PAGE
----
Yep agreed for the reasons @BS2 Red said. On Insta/Twitter/Youtube you can choose who you follow. I create new accounts on Insta when I'm focusing on different things so I can filter my feed and what I see tailored to my current interest e.g. the gym, or running. Still got my personal one on private but never update it anymore.

Facebook is your friends and family, and people get quite funny if you "unfriend" them. You can manage your feed and who you choose to see updates from but if you've got a lot of friends it's quite time consuming to manage that. Plus, FB algorithm's decide who and what you see which I really dont like. Deleted the app some time ago and I often forget to even look at it (sadly a bit of a boredom thing when I do). It's clever though, it ramps up the emails to tell you that you've got notifications when you haven't seen them for a while!

I always laugh at people with about 500 friends. Yeah right and get real. Mine is circa 40 and even that is probably stretching things.

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6 hours ago, elhombrecito said:

I quit FB a couple of years ago, and I can honestly say that I haven't missed it in the slightest. 

I binned mine during lockdown - i will never have FB again, Twitter is a place for faceless cowards to spout horrible things, i do however find it a bit more useful than FB for when i want to see things about City etc 

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13 hours ago, BigTone said:

If you look at the logic then forums such as OTIB are addictive. Its how we (the end user) use the tool we have.

They are, but they don't have complex algorithms in the backend designed to show you content that will make you engage, regardless of truth. So in that sense, forums are far less dangerous.

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2 hours ago, nebristolred said:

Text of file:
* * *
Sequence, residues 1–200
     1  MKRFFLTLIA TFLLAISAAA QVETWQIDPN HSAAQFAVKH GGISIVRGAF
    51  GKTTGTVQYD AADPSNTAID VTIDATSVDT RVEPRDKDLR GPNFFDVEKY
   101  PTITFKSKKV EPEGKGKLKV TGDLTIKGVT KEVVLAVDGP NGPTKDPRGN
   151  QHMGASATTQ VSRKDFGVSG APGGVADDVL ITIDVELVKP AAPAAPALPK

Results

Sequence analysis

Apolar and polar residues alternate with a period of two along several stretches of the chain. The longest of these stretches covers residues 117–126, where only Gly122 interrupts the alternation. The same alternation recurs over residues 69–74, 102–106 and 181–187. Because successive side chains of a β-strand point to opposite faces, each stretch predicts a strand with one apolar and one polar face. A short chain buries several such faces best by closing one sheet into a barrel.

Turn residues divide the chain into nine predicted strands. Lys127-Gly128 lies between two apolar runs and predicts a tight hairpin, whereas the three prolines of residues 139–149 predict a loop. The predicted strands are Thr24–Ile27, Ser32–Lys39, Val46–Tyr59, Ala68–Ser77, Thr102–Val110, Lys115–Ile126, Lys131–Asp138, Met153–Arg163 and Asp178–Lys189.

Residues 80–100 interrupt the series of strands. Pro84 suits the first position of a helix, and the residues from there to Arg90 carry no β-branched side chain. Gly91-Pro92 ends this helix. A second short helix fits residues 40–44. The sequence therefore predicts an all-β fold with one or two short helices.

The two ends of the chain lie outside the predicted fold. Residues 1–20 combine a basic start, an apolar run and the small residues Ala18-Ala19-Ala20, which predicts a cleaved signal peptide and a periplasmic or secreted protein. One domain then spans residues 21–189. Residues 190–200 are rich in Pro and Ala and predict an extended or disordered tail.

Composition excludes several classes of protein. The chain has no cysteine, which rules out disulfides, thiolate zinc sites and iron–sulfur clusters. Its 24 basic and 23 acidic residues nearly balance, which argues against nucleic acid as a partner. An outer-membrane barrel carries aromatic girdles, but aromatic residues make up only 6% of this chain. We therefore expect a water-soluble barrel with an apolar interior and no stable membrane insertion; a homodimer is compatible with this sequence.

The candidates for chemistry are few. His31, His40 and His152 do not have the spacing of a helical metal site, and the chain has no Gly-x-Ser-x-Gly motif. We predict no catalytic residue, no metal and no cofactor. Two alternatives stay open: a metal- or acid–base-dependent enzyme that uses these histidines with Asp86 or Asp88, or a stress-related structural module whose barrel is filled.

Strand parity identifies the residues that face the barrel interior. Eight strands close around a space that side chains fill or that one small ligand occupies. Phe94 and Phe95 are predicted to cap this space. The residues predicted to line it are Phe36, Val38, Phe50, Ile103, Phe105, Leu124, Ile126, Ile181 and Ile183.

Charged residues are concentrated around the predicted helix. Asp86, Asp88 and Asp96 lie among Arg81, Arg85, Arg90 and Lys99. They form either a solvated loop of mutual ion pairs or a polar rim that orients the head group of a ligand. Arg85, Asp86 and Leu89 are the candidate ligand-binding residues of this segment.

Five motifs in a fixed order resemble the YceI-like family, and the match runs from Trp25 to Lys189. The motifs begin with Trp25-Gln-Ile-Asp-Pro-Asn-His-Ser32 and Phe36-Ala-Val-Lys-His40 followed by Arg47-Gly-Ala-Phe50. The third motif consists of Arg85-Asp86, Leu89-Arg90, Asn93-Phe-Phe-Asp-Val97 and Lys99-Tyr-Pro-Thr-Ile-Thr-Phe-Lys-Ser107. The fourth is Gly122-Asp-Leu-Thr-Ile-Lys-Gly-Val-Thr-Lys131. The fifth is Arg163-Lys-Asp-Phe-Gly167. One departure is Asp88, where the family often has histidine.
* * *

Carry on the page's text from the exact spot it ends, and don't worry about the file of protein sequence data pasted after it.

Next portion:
They are, but they don't have complex algorithms in the backend designed to show you content that will make you engage, regardless of truth. So in that sense, forums are far less dangerous.

Agreed, but we all have brains and can make up our own minds about the truth and whether we want to engage further. I could read 3 newspapers and get 3 different perspectives on an issue. It's up to me which one I agree with. Likewise with posts on a forum. 

I use FB to interact with family & friends, very little else. I don't use any other apps apart from LinkedIn which would be about once a month.

Edited by BigTone
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31 minutes ago, BigTone said:

Agreed, but we all have brains and can make up our own minds about the truth and whether we want to engage further. I could read 3 newspapers and get 3 different perspectives on an issue. It's up to me which one I agree with. Likewise with posts on a forum. 

I use FB to interact with family & friends, very little else. I don't use any other apps apart from LinkedIn which would be about once a month.

I was watching this thing where Arron Banks (guy who funds Farage) and he was talking about the idea of Cambridge Analytica hypnotising people over facebook to vote for Brexit being ridiculous, it made complete sense but like the masses were susceptible to being influenced by the likes of Rupert Murdoch in the past its now moved on the Mark Zuckerberg's of this world. Our minds are the product of the information we hear and whoever controls that can control us to a pretty large degree. How many times have we seen people acting like lemmings who just go along with the prescribed group think? If you speak for the group that a person believes in then you can get them to follow almost subconsciously lots of the time.

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52 minutes ago, BigTone said:

Agreed, but we all have brains and can make up our own minds about the truth and whether we want to engage further. I could read 3 newspapers and get 3 different perspectives on an issue. It's up to me which one I agree with. Likewise with posts on a forum. 

I use FB to interact with family & friends, very little else. I don't use any other apps apart from LinkedIn which would be about once a month.

Unfortunately mate, that is pure complacency. We really, really can't. You'd be absolutely amazed at how easily influenced you or I could be.

Edited by nebristolred
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48 minutes ago, nebristolred said:

Unfortunately mate, that is pure complacency. We really, really can't. You'd be absolutely amazed at how easily influenced you or I could be.

I think we must agree to disagree 

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5 minutes ago, nebristolred said:

Not to be rude mate but it's psychology that disagrees with you, not just me. We've all seen someone share something fake on Facebook through motivated reasoning. That gives it every chance that we ourselves have done it too.

Quite possible as in all walks of life and not just social media.